But the workers did not take this lightly. They struck. Purposely slowing down production, unionizing and directly challenging the hierarchy, the workers attempted to increase their power. In 2013, the Hong Kong dockworkers initiated the longest running strike (40 days) demanding wage increases. In both cases, however, labor fragmentation due to the lack of organizing strategies and union competition, as well as government strategies and employer schemes succeeded in lessening the impact.
The way the ‘choke points’ are structured depends on the mode of governance. In the age of neoliberalism and austerity, previously owned state assets are transferred into private ownership which imposes its own rules on labor, as Johnson Abishek Minz shows in his analysis of the ports of Mumbai. The major thrust behind all private initiatives is to reduce the demand for labor (flesh) by inducing technological displacement. This not only increases the profit margin but also does away with potential labor disputes and disruption. The marriage between the state and private capital results in a vicious attack on the unions; back-to-work legislation being but an example.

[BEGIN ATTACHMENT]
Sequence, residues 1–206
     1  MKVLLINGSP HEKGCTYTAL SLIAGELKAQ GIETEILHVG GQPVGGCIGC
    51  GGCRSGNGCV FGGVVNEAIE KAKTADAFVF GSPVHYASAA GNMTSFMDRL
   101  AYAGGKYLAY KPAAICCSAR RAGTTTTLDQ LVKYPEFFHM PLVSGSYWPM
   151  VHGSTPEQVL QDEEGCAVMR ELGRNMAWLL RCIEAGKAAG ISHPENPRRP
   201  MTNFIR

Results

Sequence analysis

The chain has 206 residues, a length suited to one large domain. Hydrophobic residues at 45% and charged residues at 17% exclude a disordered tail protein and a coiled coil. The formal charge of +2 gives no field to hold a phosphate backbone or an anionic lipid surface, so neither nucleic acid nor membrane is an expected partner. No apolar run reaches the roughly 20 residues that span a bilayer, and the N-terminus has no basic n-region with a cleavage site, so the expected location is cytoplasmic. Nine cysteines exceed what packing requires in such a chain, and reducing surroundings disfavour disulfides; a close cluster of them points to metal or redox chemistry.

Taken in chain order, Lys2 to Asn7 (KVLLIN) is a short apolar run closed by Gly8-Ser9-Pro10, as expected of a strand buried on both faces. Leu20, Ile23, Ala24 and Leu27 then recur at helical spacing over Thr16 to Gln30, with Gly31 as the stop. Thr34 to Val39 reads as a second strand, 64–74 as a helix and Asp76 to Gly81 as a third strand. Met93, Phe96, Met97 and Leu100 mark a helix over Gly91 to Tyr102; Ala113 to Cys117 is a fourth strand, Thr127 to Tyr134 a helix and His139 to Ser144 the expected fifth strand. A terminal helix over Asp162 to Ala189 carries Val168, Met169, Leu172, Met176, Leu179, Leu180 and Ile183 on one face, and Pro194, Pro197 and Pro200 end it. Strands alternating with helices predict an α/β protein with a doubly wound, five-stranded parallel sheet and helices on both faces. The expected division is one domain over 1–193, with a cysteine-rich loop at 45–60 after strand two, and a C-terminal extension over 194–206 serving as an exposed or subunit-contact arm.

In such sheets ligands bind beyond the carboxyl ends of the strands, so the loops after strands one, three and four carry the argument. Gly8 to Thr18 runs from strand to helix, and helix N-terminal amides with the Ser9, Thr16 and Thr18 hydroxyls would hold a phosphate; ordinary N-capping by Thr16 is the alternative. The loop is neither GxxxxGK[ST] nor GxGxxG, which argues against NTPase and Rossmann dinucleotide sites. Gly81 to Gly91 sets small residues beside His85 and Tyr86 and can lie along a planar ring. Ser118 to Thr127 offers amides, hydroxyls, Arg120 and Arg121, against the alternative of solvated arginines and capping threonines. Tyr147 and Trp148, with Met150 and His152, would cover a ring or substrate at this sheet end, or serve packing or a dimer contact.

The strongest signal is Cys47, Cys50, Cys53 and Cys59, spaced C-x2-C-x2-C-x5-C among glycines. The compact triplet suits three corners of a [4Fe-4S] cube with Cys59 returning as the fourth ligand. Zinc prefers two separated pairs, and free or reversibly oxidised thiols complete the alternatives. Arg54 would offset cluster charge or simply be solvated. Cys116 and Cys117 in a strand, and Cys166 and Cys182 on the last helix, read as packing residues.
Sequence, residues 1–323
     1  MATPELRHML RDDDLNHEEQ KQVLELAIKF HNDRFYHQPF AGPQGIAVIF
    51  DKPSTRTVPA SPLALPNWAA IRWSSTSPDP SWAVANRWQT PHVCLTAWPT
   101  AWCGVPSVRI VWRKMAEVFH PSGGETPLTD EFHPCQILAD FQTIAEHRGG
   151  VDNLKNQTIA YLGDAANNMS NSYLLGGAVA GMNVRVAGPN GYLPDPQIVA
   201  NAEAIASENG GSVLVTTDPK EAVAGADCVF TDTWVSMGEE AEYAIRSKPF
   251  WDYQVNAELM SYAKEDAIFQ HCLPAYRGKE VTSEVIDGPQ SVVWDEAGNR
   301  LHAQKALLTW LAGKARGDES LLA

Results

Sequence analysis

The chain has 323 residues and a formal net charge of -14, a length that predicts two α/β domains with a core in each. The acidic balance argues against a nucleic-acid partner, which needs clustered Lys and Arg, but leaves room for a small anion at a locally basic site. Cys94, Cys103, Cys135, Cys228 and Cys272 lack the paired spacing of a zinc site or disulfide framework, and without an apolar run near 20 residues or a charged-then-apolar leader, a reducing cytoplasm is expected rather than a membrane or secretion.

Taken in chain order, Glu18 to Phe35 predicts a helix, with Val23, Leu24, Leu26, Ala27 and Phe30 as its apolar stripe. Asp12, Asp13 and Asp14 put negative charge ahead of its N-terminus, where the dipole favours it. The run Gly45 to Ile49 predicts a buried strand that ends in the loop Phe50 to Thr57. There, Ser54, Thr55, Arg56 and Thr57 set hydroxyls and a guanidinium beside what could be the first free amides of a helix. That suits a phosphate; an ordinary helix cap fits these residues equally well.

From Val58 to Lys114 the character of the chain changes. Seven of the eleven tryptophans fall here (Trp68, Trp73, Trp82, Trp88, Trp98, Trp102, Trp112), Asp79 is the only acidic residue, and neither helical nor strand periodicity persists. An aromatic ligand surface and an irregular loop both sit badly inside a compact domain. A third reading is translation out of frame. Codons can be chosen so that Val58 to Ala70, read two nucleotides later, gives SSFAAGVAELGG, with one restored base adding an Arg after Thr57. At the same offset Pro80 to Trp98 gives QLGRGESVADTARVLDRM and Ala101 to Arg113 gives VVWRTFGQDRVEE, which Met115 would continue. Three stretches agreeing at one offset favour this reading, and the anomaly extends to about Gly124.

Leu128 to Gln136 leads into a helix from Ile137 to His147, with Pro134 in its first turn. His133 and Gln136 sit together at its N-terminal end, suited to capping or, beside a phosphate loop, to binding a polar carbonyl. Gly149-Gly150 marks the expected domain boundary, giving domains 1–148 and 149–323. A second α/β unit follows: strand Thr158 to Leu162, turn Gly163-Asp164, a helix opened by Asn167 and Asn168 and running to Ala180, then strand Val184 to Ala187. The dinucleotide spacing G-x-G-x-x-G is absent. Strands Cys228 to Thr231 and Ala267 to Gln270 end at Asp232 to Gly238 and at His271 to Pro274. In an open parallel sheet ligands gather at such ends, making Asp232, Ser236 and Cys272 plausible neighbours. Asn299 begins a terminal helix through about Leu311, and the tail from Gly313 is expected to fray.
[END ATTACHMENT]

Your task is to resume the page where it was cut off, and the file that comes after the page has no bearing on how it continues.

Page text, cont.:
The logistics sector is a bitterly contested battleground due to its strategic location in the capitalist world economy. The logistics workers across the world’s choke points have the potential to disrupt and change the economy and these contributions outline various potential strategies to be used to achieve that goal while pursuing solidarity with all the oppressed peoples of the world. With such an immense power potential come bitterly fought contests against governments and employers who themselves develop strategies to safeguard their positions. Choke Points is a useful primer for workers and activists alike in their class struggles.